Earth Day 2012 events
Since the first Earth Day was held in 1970 the event has grown in participation from 20-million students in the U.S. to one billion people in 170 countries, and from a single day to a month of fun. But despite it’s growth Earth Day continues to inspire and catalyze positive change in people.
Across Canada this Earth Day (officially April 22) an estimated six million people will take part in everything from major events like Victoria’s Earth Walk or Edmonton’s Earth Day Festival, to smaller affairs like local shoreline clean ups and film screenings.
From the dozens of events taking place, coast-to-coast-to-coast, we culled the most explore worthy. For a full list of events visit EarthDay.ca. And to get geared up in a sustainable and earth conscious way check out our picks for Earth Day gear.
Party for the Planet
What better place to get inspired to change than at the Toronto Zoo, home to many species whose future remains uncertain due to climate change and human habits? On April 21 and 22, the zoo will host a variety of extra talks, presentations and programs for the whole family, collectively known as Party for the Planet. The Tundra Trek area, home to polar creatures most at risk by climate change, will be a focus with conservation and educational themed talks. Henry and Douale, the recycling mascots, will also be on hand. Rain Barrels will be on sale at the entrance.
More information: The Toronto Zoo
Eco speakers at the ROM
Want to join explore‘s Top 30 Under 30 as a leader of tomorrow in the environmental movement? Inspiring the next generation is the goal of Earth Day’s EcoMentors program, which brings together accomplished and young environmentalists to speak to 15- to 24-year-olds. Hosted by the Royal Ontario Museum in Toronto, the April 21 talk is themed “Life is at risk.” The April 28 talk is a panel featuring speakers: Cameron Fenton, Canadian Youth Climate Coalition director and founding member of Climate Justice Montreal; Emily Hunter, author and co-host of MTV News Canada’s IMPACT series; and Jasmeet Sidhu, a writer, producer and former Toronto Star journalist. Reserve your chair now.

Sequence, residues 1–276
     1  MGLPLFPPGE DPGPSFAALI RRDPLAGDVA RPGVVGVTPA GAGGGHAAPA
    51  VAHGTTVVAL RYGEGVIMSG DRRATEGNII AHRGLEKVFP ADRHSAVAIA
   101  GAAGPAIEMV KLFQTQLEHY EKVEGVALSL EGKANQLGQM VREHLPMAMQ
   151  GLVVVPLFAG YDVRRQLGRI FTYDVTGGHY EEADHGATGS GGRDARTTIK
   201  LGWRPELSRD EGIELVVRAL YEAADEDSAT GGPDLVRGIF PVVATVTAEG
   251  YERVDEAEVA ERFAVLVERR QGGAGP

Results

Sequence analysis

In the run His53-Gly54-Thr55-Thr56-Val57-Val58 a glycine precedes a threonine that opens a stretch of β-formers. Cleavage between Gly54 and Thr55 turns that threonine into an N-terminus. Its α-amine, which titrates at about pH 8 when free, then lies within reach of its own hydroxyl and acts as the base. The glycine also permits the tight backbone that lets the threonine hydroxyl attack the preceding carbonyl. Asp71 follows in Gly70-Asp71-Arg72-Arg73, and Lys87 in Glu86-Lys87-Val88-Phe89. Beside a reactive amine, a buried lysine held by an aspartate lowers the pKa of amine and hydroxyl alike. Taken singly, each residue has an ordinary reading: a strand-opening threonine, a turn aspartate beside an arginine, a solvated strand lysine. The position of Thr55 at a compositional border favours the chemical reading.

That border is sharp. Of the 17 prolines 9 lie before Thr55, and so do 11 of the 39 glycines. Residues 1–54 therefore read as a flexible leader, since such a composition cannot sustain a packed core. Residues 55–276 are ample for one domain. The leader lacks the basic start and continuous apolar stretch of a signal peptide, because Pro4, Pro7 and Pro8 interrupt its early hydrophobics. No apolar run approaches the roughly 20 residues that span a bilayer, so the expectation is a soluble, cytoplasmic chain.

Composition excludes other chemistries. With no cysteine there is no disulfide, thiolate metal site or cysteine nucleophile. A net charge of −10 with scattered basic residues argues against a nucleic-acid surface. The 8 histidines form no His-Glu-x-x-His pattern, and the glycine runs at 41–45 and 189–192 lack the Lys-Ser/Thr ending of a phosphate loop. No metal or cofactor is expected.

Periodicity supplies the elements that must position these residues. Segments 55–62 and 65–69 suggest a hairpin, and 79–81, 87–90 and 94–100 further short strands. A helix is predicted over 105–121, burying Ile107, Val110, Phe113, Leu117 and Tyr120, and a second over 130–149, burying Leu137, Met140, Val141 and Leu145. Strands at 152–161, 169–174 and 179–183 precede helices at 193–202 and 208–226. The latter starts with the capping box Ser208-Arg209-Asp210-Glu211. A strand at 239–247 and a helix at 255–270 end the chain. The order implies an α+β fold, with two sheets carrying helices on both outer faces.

Race to be green
The Green City Race is an urban adventure race taking place on Saturday April 21 that pits teams of two or three against a list of clues to check points across Vancouver. Once a clue is deciphered, teams can use the internet and a city map to figure out where they have to go and then race by foot or on public transit to get there. Along the way they complete physical or mental challenges (like remove an invasive species), hunt for scavenger items and keep an eye out for “green sightings.” Organizers figure the race will take three hours and the winner is the team with the most points, awarded for speed, creativity and completion of challenges. All proceeds and any sponsorship dollars raised go to Evergreen, a national charity that works to bring green projects to schools, parks and communities. You can sign up for the $40 race here.
Hike 802 stairs
Almost as old as Canada’s Earth Day festivities, the Climb and Run for Wilderness focuses on the Calgary Tower and a supreme sacrifice of comfort to raise money for wild places. All the events feature the 802 steps of the tower and can be raced solo or as a team. The three challenges are: fastest climb of the stairs, total number of laps in five hours and a one kilometre run followed by the stairs. You can pick one or do all three. The record speed to the top is 4:27, while the most laps in five hours is an quad crushing 31. Funds raised in all three events go to Alberta Wilderness Association. To sign up and read more, visit the Climb and Run for Wilderness.
Sure there are lots of litter cleanup events on the days surrounding Earth Day, but only one requires SCUBA gear. Montreal’s Dive for Earth Day event, taking place on April 21, is organized by local dive shop Total Diving. After gearing up at the shop participants will head to the Kahnawake Quarry and jump into the clean up effort with both fins. The old quarry site on the Mohawk Reserve, 15 minutes from the shop, is no garbage heap – though there are a few old tires and empty bottles – and the site is considered one of the best places to learn to dive in eastern Canada. Find out more at Total Diving.
This article was originally published on April 18, 2012